How the Windows 10 app on Xbox One could kill the Steam Machines
The Xbox app in Windows 10 allows gamers to stream their play experiences from their console to their PC, but Microsoft is also hoping to share the love the other way – and this could be disastrous for Valve's upcoming Steam Machines.
For many, the Xbox app proudly displayed on the new Windows 10 dashboard will be little more than a curiosity, but for gamers it's a portal to a new world that adds plenty of value to Microsoft's operating system. As well as facilitating greater cross-platform play and integrating your profile (with all those important achievements) into both devices, you can now stream Xbox One games directly to your PC. This allows you to take your "under the TV" experience mobile (via a laptop or Surface), or bring it to another room.
Microsoft's head of Xbox, Phil Spencer, has revealed he likes the idea, and when we put the concept to a Microsoft representative at the Windows 10 launch, we were told that, while there is no release date, such an app is "in the pipeline."
So it would appear then that it's the long-term intention of Microsoft to allow you to engage with your PC and all of its software from the comfort of your couch and big screen TV.
Meanwhile, PC behemoth Valve – makers of Half-Life, Counter-Strike and the Steam distribution network – is busy preparing for the launch of the Steam Machines, due on November 10, 2015. The long-awaited "console" opens up the huge library of games and fantastic community features of Steam to the lounge-room through a large range of third-party produced devices. These vary in price depending on specs and brand power, with Alienware being the biggest dog on board.
Steam Machines operate on a Linux operating system, and so can play Linux-friendly games natively – and given Linux compatibility is offered as part of the Steam API (application programming interface) that is an extensive library. Alternatively, a Steam Machine can stream titles running through the Steam service on Mac or Windows. There is even an incredible looking controller to go with it, using haptic touchpads in place of analogue sticks to bring the "keyboard and mouse" accuracy to a console-like device. Plus a virtual reality headset is in the pipeline courtesy of a partnership with HTC – it's called the HTC Valve.
Wait, wouldn't a Steam Machine and an Xbox One with a PC app be the same thing?
It would seem so; if you can use your Xbox One to play your PC on your TV, then your Xbox One can use Steam and effectively become a Steam Machine. Better yet from a consumer's perspective, as well as playing all of Steam's games, you can play all your Xbox titles, too – quite a plus when you factor in the long delays often seen between console and PC releases of the same title. Of course it's all facilitated by a free operating system (unless you're hanging in the cretaceous era with Windows XP) using a PC you already own.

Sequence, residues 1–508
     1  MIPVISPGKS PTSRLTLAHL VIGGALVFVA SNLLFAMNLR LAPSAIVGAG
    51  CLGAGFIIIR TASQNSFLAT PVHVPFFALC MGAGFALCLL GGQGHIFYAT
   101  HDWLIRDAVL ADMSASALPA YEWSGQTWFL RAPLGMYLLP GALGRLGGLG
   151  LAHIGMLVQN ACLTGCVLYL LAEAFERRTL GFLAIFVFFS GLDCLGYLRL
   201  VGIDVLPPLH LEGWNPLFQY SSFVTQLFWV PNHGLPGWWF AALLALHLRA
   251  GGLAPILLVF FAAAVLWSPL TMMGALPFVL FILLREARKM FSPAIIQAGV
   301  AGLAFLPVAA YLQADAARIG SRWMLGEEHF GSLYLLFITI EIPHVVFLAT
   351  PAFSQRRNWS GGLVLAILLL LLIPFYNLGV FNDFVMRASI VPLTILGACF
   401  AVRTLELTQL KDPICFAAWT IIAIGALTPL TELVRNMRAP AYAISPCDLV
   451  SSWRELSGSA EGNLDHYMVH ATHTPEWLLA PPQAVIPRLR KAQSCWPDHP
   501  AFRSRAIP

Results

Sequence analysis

You could argue that the unique controller can add some value to the Steam Machine, but are a significant percentage of developers going to make disparately different gameplay experiences between their standard Steam release, and their Steam Machine release? Doubtful. As for virtual reality, Microsoft has partnered with Valve on the HTC Vive anyway, so there should be little loss there, while there is also a partnership in place with the Oculus Rift whereby a PC-ready Xbox One controller will come bundled with every headset.
When you start taking all those elements into account, what's the point of a Steam Machine? Perhaps this is why Valve isn't making a machine of its own, and only really handing an operating system and a controller to third-parties to do with as they see fit? Valve as even stated it will not be making exclusives for the device and is encouraging developers to follow suit.
As it stands, we've never streamed our PC to an Xbox One through Windows 10 and publically nobody else has either, so perhaps we are overstating the capabilities. But the way the system works with the current Xbox app is wholesale – whatever is happening on your Xbox One, will happen on your PC. This includes passing through cable TV services like Foxtel and watching Blu-rays. You'd have to assume the system, working in reverse, would behave the same way.
On face value then, it would appear Microsoft has "in the pipeline" an experience that would greatly weaken the Steam Machine's market position for anybody but hardcore fans. And given Windows 10's likely install base ahead the Steam Machine launch on November 10, it could kill it right out of the gate.
Of course Valve could change its mind and make (the most anticipated game ever) Half-Life 3 a Steam Machine exclusive, but it wouldn't though… would it?